Kenny Lofton had an impressive MLB career. He spent 17 seasons in the league playing for multiple teams. Lofton was a six-time MLB All-Star, a four-time Gold Glove Award winner, and a five-time AL stolen base leader.
It seemed as if Lofton made the right decision to pursue a career in baseball. But baseball was not his first love. Basketball was his No.1 sport.
Lofton’s basketball career
Growing up in Indiana, Lofton played multiple sports. In high school, he played on the basketball and baseball team. He pitched and played center field on the baseball team and played point guard on the basketball team.
Lofton’s basketball success allowed him to become an all-state basketball player. He accepted a basketball scholarship to play at the University of Arizona. Lofton played with current Golden State Warriors’ head coach Steve Kerr and former NBA star Sean Elliot. The Indiana native served as the backup point guard on the team that made it to the Final Four in the 1988 NCAA Men’s Division I Basketball Tournament.
When his basketball career ended at Arizona, he left as the Wildcat’s leader in career steals, which was eventually broken. Lofton was very athletic, and his skill set made him a high-profile athlete. Bruce Fraser, a former basketball teammate at Arizona, said that Lofton could have gone pro in football or basketball.
Trying out for the baseball team at Arizona
During his junior year at Arizona, Lofton decided to try out for the baseball team. He only played in five baseball games and recorded only one official at-bat. But his speed and other skills caught the eye of some baseball scouts.
The Houston Astros ended up selecting Lofton in the 17th round of the 1988 MLB draft. He still had another year of eligibility at Arizona, so he would play in the minor leagues in the summer while completing his basketball eligibility after. The two-sport star earned his degree at Arizona while still playing in the minors.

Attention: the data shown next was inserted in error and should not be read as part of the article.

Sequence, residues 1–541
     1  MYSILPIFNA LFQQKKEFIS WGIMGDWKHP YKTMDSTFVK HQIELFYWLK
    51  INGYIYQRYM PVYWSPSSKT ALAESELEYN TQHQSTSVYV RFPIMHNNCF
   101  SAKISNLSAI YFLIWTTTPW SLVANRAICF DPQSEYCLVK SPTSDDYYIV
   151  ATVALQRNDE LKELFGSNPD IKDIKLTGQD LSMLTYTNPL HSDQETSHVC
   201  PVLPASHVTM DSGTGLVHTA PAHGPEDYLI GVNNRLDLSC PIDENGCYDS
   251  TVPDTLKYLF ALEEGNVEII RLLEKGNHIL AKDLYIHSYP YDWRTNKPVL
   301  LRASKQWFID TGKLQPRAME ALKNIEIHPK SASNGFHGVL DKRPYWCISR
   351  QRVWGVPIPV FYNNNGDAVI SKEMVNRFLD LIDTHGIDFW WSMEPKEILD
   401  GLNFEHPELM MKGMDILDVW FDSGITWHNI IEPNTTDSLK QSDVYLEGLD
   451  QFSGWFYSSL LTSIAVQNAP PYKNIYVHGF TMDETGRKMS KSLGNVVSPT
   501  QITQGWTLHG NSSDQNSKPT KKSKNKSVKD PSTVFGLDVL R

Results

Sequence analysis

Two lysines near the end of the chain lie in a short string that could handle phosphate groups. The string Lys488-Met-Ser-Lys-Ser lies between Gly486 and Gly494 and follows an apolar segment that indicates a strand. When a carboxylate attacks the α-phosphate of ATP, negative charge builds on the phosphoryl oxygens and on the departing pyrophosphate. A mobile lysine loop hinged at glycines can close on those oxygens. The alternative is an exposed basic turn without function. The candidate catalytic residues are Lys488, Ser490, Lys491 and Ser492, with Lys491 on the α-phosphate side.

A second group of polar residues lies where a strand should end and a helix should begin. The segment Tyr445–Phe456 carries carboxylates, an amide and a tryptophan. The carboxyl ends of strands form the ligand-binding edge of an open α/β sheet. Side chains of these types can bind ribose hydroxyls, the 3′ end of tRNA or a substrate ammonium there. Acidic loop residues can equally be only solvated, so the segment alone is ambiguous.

Lofton credits some of his baseball success to his exposure as a basketball player. “In particular, it was the discipline required to play the point guard position that translated well between sports,” Lofton said in a Players’ Tribune article. “In both baseball and basketball, you’ve got to be patient and let the play develop, and you need to be able to identify what’s going to happen before it occurs.
A successful career in baseball
Though Lofton may have had an opportunity to go pro in basketball, he made the right decision pursuing baseball even though he did not have that much experience in college. He made his MLB debut in 1991 with the Astros, and after spending one season with the team, they traded him to the Cleveland Indians.
Lofton spent the majority of his career in Cleveland, and that’s where he made a name for himself. He spent 10 seasons playing for the Indians, making the All-Star team five teams as a member of the team. After his playing career was over, Lofton was inducted into the Cleveland Indians Hall of Fame.
Throughout his career, he played for 11 different teams and is currently No. 15 on the all-time stolen base list with 622 stolen bases. Though we will never know what Lofton’s career would have looked like if he pursued basketball, one thing for sure is that he made the best decision for his sports career.